New Material Alert?

Ever hear of RichLite before?  I hadn’t, either – and I considered myself a fair “home handy bastard” until I stumbled overs the RichLite discussion in the Family Handyman travel trailer rebuild in the recent issue.

Turns out, it’s a wood particle and resin mix that’s been around for 70-years.  And frequently used as the tabletop material in science labs (and in school labs, too).

I know – how could I possibly have missed it?  Well, maybe I just haven’t done enough kitchens to go looking?  Or, maybe I just like the challenge of traditional p-lams (Formica and WilsonArt?).

Go take a look at the RichLite website and sniff around a bit.  Environmentally friendly, too.  A 1/4″ thick and contact-cemented covering for workbench tops of either two-by or 3/4″ ply could fit the dream shop.

What’s the point of working our asses off if we can’t  buy dream pieces at least once in a while?

Write when you get rich,

17 thoughts on “IQ versus MQ – Multiple Shop Notes”

  1. Top G
    You have only a few years age on myself tho I think i have your back on woodworking/construction.
    Johns–sns floor wax dries hard and has been my table-saw (Atlas) excalibur fence lube for over 45yrs. Mitre saw and jig also coated and any other outdoor storaged equip. Does not last forever and re-coats are done as needed. Some of my tools pre-date us-LOL. Use sparingly and allow to harden. Still must sand most projects before applying finish just like any other lube but far less than some soft lubes (WD Gordy)

  2. Gordy is correct about Johnson paste wax for table saw tops. In my searches for lubes and metal protection for many other uses, I have found Hornady One Shot gun cleaner and lube to be my favorite go to it goes on wet but dries up and does not leave an oily film to collect dirt and yet has very good anti-rust protection, good for guns, i will post a link of an extensive tests this guy did complete with photos. an interesting and educational read. This article tests 46 product for corrosion protection

    the All American boy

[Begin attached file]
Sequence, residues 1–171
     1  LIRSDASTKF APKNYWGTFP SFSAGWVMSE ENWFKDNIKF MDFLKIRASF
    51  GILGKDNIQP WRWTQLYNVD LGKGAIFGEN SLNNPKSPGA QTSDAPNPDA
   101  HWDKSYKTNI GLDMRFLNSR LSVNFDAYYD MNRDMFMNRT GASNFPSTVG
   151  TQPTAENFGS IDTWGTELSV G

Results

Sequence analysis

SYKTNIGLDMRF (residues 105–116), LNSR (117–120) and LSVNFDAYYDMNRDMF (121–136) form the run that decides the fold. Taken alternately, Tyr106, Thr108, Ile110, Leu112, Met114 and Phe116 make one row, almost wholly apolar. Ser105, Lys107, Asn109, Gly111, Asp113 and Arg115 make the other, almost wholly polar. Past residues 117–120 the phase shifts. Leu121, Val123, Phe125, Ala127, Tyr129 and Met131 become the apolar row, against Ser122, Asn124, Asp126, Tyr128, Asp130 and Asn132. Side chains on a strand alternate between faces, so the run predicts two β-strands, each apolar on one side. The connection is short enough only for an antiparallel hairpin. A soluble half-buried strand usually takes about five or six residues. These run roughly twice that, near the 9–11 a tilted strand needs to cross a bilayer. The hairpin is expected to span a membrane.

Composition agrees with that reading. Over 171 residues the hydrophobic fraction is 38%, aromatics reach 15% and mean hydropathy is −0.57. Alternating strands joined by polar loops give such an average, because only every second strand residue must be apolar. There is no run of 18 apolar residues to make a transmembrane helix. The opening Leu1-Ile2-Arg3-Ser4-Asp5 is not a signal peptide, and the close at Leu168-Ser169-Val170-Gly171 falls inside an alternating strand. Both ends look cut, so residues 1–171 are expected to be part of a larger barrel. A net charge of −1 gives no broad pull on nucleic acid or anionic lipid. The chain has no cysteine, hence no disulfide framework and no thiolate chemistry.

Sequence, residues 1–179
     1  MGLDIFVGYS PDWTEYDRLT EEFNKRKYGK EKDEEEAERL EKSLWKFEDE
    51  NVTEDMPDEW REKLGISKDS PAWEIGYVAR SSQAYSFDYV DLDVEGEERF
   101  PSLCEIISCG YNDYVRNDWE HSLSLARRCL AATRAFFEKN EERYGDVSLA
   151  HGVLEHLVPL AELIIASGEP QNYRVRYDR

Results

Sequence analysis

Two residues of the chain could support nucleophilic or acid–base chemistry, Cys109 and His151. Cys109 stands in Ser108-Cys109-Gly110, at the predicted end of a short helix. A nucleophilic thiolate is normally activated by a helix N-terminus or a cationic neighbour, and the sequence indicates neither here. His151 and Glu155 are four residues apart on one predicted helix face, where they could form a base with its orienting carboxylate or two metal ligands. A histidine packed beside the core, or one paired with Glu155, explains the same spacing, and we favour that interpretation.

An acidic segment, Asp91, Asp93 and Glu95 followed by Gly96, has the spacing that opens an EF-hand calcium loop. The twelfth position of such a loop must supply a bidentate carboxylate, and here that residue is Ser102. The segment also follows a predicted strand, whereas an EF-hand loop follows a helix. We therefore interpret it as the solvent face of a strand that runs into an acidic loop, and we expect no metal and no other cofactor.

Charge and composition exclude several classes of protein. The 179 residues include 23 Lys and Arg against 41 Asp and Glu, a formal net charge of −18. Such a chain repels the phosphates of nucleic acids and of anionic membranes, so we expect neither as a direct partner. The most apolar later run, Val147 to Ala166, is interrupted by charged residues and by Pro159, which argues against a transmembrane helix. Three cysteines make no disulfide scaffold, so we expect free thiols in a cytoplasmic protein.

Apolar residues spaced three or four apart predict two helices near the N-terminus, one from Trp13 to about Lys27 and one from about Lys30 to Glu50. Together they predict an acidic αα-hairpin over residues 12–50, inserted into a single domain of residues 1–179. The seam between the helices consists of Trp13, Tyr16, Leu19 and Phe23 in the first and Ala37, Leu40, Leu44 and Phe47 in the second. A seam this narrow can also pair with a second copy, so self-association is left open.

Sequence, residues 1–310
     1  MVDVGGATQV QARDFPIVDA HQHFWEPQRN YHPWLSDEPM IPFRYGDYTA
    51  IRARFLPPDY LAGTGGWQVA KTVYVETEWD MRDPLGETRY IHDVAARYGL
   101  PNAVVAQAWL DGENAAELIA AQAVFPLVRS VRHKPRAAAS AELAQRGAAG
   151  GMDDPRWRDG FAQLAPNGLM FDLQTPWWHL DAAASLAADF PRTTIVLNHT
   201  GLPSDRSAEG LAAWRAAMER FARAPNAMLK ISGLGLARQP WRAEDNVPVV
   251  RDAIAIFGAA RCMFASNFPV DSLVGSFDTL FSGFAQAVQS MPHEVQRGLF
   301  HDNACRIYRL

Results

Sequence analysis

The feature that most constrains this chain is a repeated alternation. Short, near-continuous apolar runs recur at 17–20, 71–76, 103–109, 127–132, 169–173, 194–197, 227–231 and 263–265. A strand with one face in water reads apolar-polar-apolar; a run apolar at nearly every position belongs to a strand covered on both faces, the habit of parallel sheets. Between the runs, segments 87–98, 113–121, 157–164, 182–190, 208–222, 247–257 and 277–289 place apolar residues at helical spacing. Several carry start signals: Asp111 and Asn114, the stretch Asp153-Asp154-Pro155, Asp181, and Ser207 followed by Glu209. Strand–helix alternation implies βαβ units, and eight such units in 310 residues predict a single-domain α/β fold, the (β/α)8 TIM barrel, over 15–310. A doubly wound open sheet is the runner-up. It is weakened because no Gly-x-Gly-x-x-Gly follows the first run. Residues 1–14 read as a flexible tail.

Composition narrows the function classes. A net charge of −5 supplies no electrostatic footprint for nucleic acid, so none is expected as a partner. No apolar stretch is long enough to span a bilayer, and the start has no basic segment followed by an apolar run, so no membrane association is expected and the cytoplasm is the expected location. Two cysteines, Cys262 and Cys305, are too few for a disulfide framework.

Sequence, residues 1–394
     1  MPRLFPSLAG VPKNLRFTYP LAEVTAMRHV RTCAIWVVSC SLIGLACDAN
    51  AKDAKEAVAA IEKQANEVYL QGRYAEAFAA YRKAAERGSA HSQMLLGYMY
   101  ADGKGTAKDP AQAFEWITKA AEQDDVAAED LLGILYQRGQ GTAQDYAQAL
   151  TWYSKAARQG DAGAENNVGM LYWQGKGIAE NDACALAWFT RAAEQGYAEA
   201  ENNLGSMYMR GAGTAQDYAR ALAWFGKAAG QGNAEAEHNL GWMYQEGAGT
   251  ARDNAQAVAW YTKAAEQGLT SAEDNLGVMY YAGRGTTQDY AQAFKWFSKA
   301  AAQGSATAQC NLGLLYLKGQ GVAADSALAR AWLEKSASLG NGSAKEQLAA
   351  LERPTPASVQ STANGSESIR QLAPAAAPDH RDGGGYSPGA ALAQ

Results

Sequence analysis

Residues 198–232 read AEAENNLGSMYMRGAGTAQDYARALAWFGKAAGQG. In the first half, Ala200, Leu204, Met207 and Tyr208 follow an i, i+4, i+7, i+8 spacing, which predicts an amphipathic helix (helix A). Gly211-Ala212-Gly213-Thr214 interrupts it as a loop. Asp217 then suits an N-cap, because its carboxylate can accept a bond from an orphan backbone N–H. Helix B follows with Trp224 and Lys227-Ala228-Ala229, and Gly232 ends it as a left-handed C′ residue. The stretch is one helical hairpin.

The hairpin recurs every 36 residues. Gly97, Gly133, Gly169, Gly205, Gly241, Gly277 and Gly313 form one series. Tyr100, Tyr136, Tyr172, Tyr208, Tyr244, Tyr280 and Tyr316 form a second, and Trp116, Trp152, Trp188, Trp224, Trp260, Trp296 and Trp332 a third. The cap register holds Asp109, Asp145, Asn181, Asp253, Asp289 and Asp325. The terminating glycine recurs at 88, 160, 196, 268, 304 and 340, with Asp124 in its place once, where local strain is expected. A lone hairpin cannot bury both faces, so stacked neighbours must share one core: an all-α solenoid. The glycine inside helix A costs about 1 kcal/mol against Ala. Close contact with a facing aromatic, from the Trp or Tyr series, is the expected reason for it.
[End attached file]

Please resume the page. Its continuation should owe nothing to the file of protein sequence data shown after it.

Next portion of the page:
3. “Tools in drawers have been virtually unaffected.  However, the working surfaces of the cast iron table top machines, are another story.”

    For the cast iron.. use car wax paste works the best and then similar to a surfboard use wax..or a good teflon..

    For the drawers… camphor tablets. The tools in the drawer will begin to rust and camphor is the trick..Camphor fumes released through a plastic cylinder (like an old pill container) will give your tool box a nice rust prevention coat. The camphor fumes form a molecular film on metal surfaces that retards rust. I drill small holes in the cap…

    As for IQ vs. MQ.. I for one never put much store in IQ as a measure of intelligence.. I believe everyone is a genius in their own way. Years ago I I quit a group because their opinions were that everyone outside the group were drooling idiots..aka droolers.. books expand your universe but they do little for your life. OPPORTUNITY..everyone gets them. But having the ability to take advantage of them..
    Take film.. years ago I had an idea.. I went to my boss at a regional photo lab..and worked out a deal.. I would make up a mailer send them out people would buy coupons for a roll of film for a dime. Then they would send their film in and get a roll back with the coupon the processing cost was less than half with a moderate profit and the cost of the film was included.
    I got with fingerhut to add the flyer with their mass mailings.
    I put every penny I could scrape up to do it..
    Well it was a good idea but to market it and get established the mailing would have to be done more than once. I had to drop it for lack of funds . My boss took it over and did quite well with it. He bought me
    My granddaughter has an extremely high IQ. Heavy into physics shes 13..her parents are wage hour employees she will not go very far because the parents cant afford to help her with direction.